If you wanted to watch Scotty Bowman lead the Pittsburgh Penguins to the last Stanley Cup in their famed dynasty in 1992, you better have lived in Pittsburgh or Chicago, home of their opponents. That’s because hockey had no national network contract. In many ways it was a marginalized, third-rate sport.
This is what Gary Bettman ’74 inherited in 1993 when he assumed the position of Commissioner of the NHL.
Today, the National Hockey League is one of the most rapidly growing sports associations in media share and ticket revenue.
Bettman has been at the helm of a renaissance that has transformed hockey from a small-time operation into one of the most prominent sports and entertainment corporations. The former ILR student has revived the media relations, fan base and merchandise sales of the league.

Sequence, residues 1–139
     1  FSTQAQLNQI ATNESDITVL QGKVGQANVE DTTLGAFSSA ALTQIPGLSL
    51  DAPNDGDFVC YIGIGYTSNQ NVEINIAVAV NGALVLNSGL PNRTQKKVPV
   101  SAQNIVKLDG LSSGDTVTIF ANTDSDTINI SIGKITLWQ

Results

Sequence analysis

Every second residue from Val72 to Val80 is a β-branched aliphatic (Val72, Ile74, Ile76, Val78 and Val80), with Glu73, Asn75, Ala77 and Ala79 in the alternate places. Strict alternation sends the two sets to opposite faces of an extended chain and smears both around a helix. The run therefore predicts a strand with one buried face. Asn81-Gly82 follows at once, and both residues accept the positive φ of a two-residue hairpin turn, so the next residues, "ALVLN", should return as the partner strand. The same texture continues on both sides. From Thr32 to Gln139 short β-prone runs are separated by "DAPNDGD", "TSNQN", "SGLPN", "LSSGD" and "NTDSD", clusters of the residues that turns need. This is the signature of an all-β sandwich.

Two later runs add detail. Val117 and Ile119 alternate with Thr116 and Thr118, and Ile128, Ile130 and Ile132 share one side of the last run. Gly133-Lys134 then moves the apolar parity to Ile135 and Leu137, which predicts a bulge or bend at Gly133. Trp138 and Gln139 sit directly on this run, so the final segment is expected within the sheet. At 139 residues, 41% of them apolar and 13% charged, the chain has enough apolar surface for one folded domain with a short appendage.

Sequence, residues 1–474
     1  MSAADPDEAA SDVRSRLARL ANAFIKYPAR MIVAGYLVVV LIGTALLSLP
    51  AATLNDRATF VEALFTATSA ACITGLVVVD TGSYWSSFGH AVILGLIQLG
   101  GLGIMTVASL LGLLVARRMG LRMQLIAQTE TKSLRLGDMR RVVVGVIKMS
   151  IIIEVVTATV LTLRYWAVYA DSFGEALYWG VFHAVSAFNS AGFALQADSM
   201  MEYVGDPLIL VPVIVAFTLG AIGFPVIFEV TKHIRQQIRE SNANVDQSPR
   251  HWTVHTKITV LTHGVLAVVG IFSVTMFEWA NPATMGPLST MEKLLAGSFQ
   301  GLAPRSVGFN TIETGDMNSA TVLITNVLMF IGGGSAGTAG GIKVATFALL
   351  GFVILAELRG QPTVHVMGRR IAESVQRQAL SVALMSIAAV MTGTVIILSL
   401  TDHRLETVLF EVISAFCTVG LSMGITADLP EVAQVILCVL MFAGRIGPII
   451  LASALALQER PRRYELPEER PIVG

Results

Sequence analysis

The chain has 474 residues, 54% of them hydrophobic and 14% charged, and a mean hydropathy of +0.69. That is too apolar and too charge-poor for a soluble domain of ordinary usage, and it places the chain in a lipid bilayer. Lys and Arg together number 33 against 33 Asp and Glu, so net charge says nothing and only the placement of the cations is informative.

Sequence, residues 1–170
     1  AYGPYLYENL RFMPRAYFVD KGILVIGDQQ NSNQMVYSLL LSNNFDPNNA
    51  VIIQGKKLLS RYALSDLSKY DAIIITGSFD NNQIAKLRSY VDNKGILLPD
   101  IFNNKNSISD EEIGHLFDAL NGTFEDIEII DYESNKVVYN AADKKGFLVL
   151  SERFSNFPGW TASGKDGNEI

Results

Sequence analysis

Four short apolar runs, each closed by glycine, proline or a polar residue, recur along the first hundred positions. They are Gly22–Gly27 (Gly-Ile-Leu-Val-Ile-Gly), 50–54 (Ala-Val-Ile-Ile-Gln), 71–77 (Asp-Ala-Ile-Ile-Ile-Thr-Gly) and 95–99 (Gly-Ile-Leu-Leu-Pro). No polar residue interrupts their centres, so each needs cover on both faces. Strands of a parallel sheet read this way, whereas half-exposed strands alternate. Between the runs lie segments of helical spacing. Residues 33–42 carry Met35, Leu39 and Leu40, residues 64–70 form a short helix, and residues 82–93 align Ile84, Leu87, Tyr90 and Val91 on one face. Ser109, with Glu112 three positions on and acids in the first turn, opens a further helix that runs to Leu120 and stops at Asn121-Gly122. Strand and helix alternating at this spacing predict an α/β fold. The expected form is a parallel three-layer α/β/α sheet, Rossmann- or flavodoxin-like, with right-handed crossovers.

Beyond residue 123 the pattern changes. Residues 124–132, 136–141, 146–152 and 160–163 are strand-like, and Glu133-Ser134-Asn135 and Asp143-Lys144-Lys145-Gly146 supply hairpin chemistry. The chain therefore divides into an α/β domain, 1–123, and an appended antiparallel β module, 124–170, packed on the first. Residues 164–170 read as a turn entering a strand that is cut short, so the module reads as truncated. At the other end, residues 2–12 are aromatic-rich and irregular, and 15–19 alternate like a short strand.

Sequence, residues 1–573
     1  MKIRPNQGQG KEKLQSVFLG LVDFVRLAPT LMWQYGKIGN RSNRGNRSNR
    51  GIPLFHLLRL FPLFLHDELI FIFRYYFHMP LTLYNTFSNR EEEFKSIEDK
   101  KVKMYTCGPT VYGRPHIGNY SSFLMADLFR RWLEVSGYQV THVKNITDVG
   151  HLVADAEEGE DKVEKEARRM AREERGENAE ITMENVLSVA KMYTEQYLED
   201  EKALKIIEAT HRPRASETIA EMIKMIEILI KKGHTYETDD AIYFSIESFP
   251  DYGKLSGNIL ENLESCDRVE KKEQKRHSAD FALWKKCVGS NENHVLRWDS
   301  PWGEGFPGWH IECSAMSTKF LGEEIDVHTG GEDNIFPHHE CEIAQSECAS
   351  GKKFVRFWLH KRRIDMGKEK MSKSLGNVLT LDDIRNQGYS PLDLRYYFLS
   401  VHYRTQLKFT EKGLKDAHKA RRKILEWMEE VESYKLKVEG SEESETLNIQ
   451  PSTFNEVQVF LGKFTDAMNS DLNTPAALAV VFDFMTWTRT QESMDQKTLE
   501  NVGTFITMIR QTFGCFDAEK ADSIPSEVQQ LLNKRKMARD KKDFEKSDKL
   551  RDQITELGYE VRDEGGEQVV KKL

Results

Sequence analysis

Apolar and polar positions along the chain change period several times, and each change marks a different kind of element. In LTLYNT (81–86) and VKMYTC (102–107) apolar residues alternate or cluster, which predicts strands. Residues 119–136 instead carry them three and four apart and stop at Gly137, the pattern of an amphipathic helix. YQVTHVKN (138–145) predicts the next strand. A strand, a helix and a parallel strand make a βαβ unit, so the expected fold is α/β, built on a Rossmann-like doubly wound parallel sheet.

With the hockey season upon us, Bettman found time during a recent visit back to the East Hill to discuss his career, the state of hockey and contemporary issues in the sport.
The Queens native received his BS in Industrial and Labor Relations at Cornell, before attending New York University Law School. Bettman credits his ILR education coupled with his law degree for preparing him for the challenges he faces as commissioner.
His first job came working as an associate at a New York city law firm. Fate was on his side when Bettman was paired with his mentor at Proskauer Rose. David Stern, current NBA commissioner, was a senior ranking official with the firm when Bettman, his prot